Malaysia Eases Restriction on Mask Mandate

The Health Minister announced that the use of face masks in indoor and enclosed spaces is now no longer mandatory.
Text by Corina Tan

Photo: Getty Images

Malaysia’s Health Minister Khairy Jamaluddin has announced that the use of face masks in indoor and enclosed spaces is now optional.

During a press conference on September 7, 2022, Khairy said that the ministry had looked into the Covid-19 situation within the country and based its decision on the decline of cases that required hospitalisation and the low number of patients needing care in the ICU. As of September 6th, non-critical suspected or probable cases reported were at 21 per cent, whereas suspected or probable ICU cases were at 19 per cent respectively. The use of ventilators had also declined to 11 per cent.

While the use of masks in indoor settings is no longer mandatory, business premises can decide if they wish to continue imposing the need for masks in their respective establishments. Khairy said that if these businesses decide that there is a need for masks to still be worn inside their place of business, then patrons will need to follow the ruling, as businesses can refuse entry to the public for failing to comply and choose to turn them away. Khairy said that the government will leave that decision to the premise owners as it is legally within their right to do so.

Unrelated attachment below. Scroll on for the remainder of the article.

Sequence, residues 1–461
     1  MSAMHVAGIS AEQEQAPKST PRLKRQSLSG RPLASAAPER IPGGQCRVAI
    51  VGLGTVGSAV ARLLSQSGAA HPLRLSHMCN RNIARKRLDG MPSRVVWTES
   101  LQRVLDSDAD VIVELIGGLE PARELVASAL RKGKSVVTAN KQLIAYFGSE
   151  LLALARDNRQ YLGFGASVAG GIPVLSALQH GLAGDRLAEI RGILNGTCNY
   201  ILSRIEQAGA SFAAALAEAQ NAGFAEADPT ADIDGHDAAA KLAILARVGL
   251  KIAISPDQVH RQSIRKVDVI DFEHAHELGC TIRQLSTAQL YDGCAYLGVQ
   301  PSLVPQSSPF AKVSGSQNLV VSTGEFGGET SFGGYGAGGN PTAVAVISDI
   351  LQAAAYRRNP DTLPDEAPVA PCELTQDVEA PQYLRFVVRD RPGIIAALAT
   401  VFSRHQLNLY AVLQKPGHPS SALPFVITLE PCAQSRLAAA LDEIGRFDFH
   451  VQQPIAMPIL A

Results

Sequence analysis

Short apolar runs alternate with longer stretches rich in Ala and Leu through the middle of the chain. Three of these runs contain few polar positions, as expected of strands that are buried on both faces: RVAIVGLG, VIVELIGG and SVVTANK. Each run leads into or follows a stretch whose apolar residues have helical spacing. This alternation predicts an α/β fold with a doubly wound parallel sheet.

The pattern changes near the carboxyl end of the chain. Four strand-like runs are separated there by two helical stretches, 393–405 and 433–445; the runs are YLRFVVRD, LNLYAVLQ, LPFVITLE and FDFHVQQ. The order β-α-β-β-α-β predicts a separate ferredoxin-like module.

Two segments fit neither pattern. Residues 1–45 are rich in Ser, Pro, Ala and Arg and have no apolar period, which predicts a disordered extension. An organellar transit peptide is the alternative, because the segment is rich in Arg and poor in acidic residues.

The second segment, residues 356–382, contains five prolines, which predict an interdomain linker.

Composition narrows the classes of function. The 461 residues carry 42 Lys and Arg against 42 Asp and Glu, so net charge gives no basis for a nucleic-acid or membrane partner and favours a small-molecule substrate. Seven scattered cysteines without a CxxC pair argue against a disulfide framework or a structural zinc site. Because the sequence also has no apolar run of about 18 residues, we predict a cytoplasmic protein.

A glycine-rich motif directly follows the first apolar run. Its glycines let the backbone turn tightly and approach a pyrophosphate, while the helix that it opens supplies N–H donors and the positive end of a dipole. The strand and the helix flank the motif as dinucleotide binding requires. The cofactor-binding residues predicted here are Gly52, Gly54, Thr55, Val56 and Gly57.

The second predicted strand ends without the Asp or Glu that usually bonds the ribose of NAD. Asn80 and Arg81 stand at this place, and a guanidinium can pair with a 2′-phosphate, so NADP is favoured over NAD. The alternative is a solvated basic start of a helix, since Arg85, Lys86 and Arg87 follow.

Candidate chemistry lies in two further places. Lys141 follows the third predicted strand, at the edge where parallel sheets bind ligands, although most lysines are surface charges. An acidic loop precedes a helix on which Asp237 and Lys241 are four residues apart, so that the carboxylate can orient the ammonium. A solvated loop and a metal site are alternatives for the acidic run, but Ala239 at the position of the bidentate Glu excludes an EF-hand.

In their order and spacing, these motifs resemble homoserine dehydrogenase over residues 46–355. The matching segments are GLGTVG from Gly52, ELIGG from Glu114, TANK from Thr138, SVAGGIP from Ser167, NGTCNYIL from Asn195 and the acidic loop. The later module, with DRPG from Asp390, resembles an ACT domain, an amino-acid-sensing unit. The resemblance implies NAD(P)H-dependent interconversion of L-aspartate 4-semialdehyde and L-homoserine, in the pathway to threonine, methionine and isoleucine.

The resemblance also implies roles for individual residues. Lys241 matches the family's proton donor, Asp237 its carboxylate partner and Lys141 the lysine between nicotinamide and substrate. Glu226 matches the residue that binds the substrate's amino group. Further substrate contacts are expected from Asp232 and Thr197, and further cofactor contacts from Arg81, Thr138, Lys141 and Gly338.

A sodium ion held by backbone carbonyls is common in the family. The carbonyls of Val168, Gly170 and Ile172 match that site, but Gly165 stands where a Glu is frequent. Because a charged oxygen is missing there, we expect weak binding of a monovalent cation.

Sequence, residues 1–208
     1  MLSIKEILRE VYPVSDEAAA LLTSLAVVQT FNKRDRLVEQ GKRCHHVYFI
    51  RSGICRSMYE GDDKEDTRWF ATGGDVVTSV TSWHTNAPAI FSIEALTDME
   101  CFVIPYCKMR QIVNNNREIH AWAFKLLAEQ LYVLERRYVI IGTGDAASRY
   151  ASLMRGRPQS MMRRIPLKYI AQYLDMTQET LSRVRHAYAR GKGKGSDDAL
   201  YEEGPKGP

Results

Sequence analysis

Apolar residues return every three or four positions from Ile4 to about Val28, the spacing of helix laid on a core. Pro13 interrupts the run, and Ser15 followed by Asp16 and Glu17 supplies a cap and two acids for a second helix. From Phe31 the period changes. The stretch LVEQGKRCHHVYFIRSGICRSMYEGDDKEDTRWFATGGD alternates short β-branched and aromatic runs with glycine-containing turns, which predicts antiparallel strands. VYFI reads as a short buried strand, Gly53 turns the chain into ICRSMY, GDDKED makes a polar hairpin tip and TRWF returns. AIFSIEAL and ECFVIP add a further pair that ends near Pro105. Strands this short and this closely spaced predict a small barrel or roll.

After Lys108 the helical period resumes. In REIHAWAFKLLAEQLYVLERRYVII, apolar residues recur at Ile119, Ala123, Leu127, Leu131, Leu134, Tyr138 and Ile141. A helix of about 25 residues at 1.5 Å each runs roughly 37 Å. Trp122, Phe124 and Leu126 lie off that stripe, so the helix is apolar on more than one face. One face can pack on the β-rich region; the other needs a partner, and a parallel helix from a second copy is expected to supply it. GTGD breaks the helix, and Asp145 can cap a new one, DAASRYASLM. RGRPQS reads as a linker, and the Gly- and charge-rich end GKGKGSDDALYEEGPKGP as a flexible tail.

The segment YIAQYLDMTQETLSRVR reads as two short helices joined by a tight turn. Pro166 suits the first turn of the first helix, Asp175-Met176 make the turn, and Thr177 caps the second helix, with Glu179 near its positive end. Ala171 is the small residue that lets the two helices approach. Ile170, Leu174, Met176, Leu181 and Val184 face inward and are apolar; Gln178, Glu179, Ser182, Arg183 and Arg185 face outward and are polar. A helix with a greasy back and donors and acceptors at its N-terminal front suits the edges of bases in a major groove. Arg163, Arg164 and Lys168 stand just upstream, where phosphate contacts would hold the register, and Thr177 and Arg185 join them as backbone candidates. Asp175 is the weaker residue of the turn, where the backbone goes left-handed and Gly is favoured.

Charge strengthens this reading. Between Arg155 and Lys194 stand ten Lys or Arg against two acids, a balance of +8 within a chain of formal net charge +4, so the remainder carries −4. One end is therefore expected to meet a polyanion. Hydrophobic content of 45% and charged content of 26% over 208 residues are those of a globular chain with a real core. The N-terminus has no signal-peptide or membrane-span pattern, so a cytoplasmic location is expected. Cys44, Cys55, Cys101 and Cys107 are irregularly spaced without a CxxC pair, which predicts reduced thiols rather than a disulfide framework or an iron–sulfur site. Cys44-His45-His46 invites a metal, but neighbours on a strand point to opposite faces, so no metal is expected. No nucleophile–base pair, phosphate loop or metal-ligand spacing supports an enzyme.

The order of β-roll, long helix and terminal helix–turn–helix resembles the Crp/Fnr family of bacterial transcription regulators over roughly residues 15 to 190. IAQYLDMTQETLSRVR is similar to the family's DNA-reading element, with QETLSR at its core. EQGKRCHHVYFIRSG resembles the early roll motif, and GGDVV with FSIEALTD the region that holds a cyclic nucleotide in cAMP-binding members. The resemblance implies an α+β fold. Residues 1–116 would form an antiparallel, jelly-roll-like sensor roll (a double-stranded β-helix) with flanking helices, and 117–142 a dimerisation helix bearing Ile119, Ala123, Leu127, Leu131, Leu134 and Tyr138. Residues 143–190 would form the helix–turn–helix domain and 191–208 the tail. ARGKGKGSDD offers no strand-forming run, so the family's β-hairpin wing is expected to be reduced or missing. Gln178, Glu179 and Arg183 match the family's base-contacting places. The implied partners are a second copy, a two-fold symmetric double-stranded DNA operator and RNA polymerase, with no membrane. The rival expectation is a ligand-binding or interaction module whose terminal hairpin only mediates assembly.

The Health Ministry also identified a few situations where masks would still be required. These were listed as buses, trains, airplanes, worker vans, school vans, taxis, and e-hailing services. Masks are also still mandatory in health facilities such as hospitals, clinics, nursing homes and haemodialysis centres.

The ministry strongly encourages the public to continue to wear face masks in general, as it has shown to significantly reduce infection. Khairy also encouraged people to wear masks in crowded places such as stadiums, night markets, supermarkets, shopping malls and religious venues when gathering for prayer.

He mentioned that people who are Covid positive or have symptoms such as fever, cough and colds, are still required to wear a mask. High risk individuals such as the elderly, patients with chronic illness, pregnant women and people who are immune compromised should still continue to mask up too. He also said that it is also recommended that those participating in activities with these high-risk individuals to also wear a mask to protect them as that is the considerate thing to do. Khairy stressed that the mask mandate could return if the Covid-19 situation worsens.

Owing to the fact that virus mutations continue to happen rapidly, and their effects remain unknown, studies on Covid-19 variants are still being carried out. Meanwhile, vaccinations continue for high-risk groups as the government is looking to procure vaccines targeted to new variants like Omicron.

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